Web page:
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Discussion Starter #1 (Edited)
setting up for winter riding

Well this is a first for me cause I have not done much long distance winter riding in my life, so it's been a learning experience to set me and my bike up, so far I have built shields on the front of my tw to deflect some of the wind and bought some new gloves and overalls...yea I still froze, so I ordered some grip warmers a baklava or whatever is called or spelled to keep my chin from freezing and a new helmet that I can shut the vents off. I think I will get some raingear also to help with the wind and see how that works. I was out yesterday and rode about 30 miles it was 35 degrees and froze my hands and chin,haven't got my stuff yet. I like riding my tw to much to let it sit all winter so I will keep trying to stay warm on the longer rides (thinking about spring is't helping) so far with my current stuff I can ride about 40 miles before it gets really uncomfortable below 40 degrees so hopefully my new stuff will get me further. 20131130_224151.jpg the shields are all home made I had a shorter one before it wasn't quite high enough so this one is about 4 in higher and keeps most of the wind off my chin but not all. So if anybody has any good ideas let me know.
 

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66, You are on the right track and are thinking about all of the right things. Using multiple layers of gloves helps compared to one big thick pair. I use lobster mittens, (fingers are in two pairs of two instead of one big clumsy mitten. Gaiters from your cross country ski kit sure help keep that wind from roaring up toward the crotch. I usually don't need a balaclava, but do use a chin scarf to seal that junction between my helmet and my jacket. Your handguards look great but hands will always be the coldest and most critical weakness (think clumsy equals unsafe). I believe the atv wind deflectors in front of your homemade ones (or my Moose Racing guards) help even more, but they do make mittens that fit on your bars and you stick your hands into them. I'll try to post the addon atv winter guards.

Here they are from the back. They did not interfere with controls and stayed in place, but did deflect even more wind from the hands.

I also find that carrying a totally different set of gloves helps because I can change from one setup to the others and get the benefit of added circulation in different places.
Ride safely and wave as you go by. Oh by the way, there is one other trick we practice in New Mexico - wait until 10:00 or so when the temp has risen 20 or so degrees from what it was at 0800. Cheers, Tom
 

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best thing you can do is stop the cold air from infiltrating to your skin. So as Peruano said, your on the right track. Have you thought about heated grips? I put them on my bike and will never go without them again. TIM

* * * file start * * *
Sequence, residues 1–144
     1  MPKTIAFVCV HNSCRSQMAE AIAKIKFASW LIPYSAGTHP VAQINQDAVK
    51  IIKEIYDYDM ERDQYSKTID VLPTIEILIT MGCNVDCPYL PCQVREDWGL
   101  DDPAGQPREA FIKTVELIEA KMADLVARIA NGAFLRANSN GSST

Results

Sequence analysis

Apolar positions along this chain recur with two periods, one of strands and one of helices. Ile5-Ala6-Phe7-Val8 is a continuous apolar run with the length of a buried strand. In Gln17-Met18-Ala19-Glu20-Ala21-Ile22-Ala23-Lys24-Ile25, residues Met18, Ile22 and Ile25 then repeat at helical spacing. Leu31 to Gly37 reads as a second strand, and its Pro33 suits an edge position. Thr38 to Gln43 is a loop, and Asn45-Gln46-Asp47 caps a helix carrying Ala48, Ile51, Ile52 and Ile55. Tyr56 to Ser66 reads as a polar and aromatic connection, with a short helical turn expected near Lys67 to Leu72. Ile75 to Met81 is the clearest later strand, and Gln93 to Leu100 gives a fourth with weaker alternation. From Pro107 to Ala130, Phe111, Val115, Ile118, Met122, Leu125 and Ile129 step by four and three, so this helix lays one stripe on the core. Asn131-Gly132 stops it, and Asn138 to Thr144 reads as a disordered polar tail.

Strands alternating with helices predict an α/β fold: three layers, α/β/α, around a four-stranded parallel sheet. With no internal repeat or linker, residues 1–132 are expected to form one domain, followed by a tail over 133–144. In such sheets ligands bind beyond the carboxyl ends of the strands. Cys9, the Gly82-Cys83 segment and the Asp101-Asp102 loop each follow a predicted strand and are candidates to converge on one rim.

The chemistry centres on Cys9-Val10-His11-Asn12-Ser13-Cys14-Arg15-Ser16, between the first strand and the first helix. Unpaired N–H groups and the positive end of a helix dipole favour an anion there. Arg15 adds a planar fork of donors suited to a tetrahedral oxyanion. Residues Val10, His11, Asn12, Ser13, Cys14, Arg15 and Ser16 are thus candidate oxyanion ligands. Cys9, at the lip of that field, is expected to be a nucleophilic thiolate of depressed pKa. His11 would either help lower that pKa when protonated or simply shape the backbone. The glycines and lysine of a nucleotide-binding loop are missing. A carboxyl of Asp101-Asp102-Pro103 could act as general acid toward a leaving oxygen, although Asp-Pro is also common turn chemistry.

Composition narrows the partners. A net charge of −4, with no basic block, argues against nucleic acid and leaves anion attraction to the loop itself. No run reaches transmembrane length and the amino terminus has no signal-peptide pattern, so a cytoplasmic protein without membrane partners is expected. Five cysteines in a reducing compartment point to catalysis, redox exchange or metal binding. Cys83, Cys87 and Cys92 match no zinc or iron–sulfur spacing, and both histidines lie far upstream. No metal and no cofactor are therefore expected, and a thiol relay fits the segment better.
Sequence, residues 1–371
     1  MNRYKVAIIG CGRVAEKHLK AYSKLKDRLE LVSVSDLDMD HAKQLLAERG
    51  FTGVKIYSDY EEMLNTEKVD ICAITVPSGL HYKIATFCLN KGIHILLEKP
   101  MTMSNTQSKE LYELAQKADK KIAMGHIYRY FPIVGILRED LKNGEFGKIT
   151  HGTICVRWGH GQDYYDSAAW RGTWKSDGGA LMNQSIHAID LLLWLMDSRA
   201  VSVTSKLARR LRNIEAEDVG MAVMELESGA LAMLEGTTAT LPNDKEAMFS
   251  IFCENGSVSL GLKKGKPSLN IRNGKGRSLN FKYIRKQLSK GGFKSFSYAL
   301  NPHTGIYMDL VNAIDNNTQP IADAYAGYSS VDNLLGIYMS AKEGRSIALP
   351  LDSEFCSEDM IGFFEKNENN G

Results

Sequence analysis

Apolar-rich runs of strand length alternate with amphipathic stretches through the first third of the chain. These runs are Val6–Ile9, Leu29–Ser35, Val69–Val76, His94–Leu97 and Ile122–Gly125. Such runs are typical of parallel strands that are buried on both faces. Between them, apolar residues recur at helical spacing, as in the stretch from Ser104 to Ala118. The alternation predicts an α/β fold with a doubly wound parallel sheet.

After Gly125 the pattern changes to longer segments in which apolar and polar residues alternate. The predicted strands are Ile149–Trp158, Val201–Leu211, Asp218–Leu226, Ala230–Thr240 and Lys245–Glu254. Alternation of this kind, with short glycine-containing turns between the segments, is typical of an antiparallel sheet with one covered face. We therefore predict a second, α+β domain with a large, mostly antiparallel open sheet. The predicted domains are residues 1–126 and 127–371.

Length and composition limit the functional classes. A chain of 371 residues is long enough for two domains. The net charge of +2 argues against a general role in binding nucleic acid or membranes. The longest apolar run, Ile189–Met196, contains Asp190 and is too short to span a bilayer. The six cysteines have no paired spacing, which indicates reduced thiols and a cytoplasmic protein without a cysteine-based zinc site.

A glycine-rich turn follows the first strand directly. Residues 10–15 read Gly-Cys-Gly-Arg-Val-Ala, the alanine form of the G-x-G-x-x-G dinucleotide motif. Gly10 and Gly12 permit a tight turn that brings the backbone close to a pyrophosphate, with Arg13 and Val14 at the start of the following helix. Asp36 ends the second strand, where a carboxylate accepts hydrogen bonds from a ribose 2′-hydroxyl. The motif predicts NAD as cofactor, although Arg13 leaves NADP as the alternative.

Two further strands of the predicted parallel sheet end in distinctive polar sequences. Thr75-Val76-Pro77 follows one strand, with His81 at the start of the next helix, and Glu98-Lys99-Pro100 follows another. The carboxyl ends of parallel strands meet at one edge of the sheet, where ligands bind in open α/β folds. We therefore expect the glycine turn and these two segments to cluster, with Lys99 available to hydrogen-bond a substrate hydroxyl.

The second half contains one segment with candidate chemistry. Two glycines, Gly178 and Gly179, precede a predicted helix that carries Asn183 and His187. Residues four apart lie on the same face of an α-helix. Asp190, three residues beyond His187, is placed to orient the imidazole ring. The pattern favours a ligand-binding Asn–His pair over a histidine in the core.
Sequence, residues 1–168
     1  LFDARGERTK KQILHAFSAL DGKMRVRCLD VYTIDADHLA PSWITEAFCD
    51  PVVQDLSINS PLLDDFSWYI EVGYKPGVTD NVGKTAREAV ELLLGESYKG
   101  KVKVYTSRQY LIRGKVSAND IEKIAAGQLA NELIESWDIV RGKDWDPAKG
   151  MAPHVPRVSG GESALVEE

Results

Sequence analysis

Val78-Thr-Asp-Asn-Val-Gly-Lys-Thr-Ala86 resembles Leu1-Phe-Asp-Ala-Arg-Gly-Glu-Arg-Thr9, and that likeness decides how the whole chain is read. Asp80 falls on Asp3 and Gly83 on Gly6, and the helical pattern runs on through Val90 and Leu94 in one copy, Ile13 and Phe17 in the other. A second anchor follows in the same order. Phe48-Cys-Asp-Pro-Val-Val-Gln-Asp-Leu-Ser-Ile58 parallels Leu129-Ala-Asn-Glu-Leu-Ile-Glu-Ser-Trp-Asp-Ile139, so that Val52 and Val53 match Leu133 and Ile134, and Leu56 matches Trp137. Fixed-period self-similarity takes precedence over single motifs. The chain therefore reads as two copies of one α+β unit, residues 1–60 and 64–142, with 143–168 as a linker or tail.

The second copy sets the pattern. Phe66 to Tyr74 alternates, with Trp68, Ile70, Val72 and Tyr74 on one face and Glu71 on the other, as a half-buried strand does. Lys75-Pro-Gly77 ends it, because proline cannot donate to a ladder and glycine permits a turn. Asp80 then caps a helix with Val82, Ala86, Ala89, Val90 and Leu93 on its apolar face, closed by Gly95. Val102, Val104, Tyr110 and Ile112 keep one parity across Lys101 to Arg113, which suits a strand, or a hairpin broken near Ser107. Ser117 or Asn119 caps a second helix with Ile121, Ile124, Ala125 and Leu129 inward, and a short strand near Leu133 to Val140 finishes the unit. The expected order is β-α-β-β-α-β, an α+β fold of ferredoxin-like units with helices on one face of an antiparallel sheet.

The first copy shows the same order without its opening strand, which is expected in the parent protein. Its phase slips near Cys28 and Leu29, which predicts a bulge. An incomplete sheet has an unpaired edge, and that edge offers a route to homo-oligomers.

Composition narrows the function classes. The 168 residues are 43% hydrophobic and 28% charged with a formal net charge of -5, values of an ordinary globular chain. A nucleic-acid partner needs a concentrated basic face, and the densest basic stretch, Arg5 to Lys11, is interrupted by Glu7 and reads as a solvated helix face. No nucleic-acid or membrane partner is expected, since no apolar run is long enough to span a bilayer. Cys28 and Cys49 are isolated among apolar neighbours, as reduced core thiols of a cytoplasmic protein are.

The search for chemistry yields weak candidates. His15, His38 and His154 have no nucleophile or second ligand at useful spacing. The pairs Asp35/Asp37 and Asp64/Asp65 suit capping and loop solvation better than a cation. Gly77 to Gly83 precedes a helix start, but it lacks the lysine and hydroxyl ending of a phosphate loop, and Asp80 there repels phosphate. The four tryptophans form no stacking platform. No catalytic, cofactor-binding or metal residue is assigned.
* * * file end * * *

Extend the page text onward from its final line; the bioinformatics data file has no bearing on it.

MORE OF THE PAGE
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Discussion Starter #4
heated grips are on the way, Thanx peruano never thought of the lobster gloves before, your advice is appreciated..steve.
 

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I like rideing my tw to much to let it sit all winter ......
The ATV muffs are great, but the best piece of winter riding gear I ever bought was a heated vest from Tourmaster: Tour Master Synergy 2.0 Heated Vest Liner With Collar - Motorcycle Superstore

Kinda pricey, but boy does keeping your core nice and toasty help with feet and hands. I usually never have to turn it up past one. You can either wire it direct to the battery (15 amp fuse included) or add a 12V receptacle which can be used for other stuff the rest of the year. The later TW's alternator will run a vest at least on #2 setting but not much more, so I chose this over heated gloves, which also have a bad habit of failing after not real long. My vest is fine after three years.

You DO have to remember that you are attached to the bike by a wire and unplug....ripping the controller off the bike doesn't do it much good! :(:p

I'll ride down to about 35 for several hours with a vest like this. And you are right, having a windproof outer layer makes a HUGE difference.
 

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Discussion Starter #6
hmmm don't think I can run a heated vest and grips on my 87, my core so far stays ok warm but my hands get real cold. I may run a aux battery so may need to see how long the grips alone will run on a charge, if they run 4-6 hrs that should work for my application and then not have to tax my 87s charging system, and if that works could run a heated vest to.
 

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My wife bought me a pair of Rukka winter gloves- they are pricey but they work great. They are somewhat like ski gloves with armor.
I use a mesh jacket for the armor and wear a parka over it. The mesh jacket is zipped to a pair of over pants with a liner.
I'm sweating when temps are in the 20's!
Oh and a bavaclavavavala or whatever it is.
I don't ride all winter just occasionally to satisfy the urge and to keep the bikes moving.
 

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Hippohands, heated grips, firstgear thermal suit, or Kilimanjaro and pants, mechanix gloves works for me even at 27" of snow and -17deg. F

and I use a double shield snowmobile helmit
 

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Ive used heated grips on several bikes, no longer bother.
Hippo Hands and a heated vest will keep your hands warm.